Let me be clear, as long as I am the chairman of the Space subcommittee, the ISS will continue to have strong support and strong bipartisan support in the United States Congress.

And as long as Article I of the Constitution remains intact, it will be Congress that is the final arbiter of how long the ISS receives federal funding. 

Commerce Ranking Member Bill Nelson Opening Statement

Thank you, Mr. Chairman.

 Last year this subcommittee held a series of hearings on reopening the American frontier. We heard about the incredible new technologies and businesses that will extend human existence beyond Earth to Mars and into the solar system. Our toehold to that frontier is the International Space Station. Abandoning this incredible orbiting laboratory right when we are on the cusp of a new era of space exploration would be irresponsible at best, and possibly disastrous.

It’s pretty clear that the proposal to end funding for the ISS by 2025 was not a NASA decision - it was a political decision. As far as this committee is concerned, that proposal is dead on arrival. Democrats, Republicans, industry, academia and even NASA – everyone except the White House has agreed that focusing on a random date is the wrong way to approach a transition from the ISS. 

I look forward to the day when low Earth orbit is filled with commercial space stations and other platforms used by NASA, but also by non-government customers. And I think we will get there.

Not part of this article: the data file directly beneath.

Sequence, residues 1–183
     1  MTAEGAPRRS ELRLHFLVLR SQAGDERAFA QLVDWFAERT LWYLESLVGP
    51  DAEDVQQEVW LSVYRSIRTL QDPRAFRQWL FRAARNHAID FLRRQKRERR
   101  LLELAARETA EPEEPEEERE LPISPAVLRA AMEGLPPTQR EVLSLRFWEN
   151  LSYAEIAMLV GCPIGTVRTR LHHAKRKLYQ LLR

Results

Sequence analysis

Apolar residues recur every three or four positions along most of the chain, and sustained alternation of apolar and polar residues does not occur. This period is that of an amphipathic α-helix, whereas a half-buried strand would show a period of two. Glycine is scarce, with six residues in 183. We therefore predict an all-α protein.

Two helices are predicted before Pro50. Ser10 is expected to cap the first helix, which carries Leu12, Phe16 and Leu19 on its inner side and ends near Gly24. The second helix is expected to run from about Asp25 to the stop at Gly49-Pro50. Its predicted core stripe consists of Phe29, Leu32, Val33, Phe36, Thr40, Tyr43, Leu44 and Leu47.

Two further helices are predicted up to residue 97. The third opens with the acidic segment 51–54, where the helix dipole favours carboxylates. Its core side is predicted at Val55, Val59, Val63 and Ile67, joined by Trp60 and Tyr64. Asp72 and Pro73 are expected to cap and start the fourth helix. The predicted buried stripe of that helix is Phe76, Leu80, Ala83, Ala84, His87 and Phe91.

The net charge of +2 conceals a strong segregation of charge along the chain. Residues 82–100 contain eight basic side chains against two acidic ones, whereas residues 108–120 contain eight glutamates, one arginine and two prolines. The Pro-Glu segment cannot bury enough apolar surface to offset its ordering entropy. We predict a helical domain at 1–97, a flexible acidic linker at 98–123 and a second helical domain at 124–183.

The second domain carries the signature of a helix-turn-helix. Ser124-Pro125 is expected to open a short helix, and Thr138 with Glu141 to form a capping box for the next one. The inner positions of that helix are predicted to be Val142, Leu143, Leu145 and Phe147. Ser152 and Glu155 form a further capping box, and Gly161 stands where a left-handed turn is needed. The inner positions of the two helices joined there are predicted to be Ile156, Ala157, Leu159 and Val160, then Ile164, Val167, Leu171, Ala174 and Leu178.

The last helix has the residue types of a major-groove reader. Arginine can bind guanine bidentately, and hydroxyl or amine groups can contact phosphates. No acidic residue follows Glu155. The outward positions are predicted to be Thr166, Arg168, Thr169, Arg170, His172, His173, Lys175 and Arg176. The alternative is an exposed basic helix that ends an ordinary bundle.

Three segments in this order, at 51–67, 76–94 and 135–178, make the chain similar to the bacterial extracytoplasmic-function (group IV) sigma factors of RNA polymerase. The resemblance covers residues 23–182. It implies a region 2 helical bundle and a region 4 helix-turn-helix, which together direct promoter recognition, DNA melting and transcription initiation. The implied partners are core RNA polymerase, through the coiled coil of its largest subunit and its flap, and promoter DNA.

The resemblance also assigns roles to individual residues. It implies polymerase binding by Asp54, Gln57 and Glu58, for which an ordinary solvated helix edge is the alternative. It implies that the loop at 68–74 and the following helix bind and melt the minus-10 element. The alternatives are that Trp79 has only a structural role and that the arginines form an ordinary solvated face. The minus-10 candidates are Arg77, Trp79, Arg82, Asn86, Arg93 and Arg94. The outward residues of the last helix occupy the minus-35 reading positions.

But it’s not fair to NASA or to industry to force a transition based on an arbitrary date. That decision should be based on factors like NASA’s research requirements and the readiness of industry to take the lead. We need to listen to our scientists and the experts at NASA. They have made it clear that NASA will continue to need access to low Earth orbit for astronaut training, technology development and research.

Today we have skilled people at Kennedy Space Center, and at Johnson Space Center in Texas, Mr. Chairman, working on the ISS and on commercial crew and cargo. These are some of the only people in the world who know how to keep people alive in space. If this plan to prematurely end the current ISS program moves forward, I fear that NASA’s expertise in these critical areas – expertise that we’ll need to get to Mars – will be lost.

The good news is that NASA’s ISS transition report indicates that the space station has plenty of operational life left – through the end of 2028 and probably even beyond. We have time to continue the critical research taking place on station. We have time to keep training astronauts to live and work in space as they prepare for long duration missions. And we have time to develop a robust commercial market in low Earth orbit. 

NASA should be focused like a laser on getting commercial crew up and running so that American astronauts are once again launching to station from Cape Canaveral. 

Once Boeing and SpaceX are regularly transporting crew, the ISS will enter a golden era and we will see just how valuable this research platform is.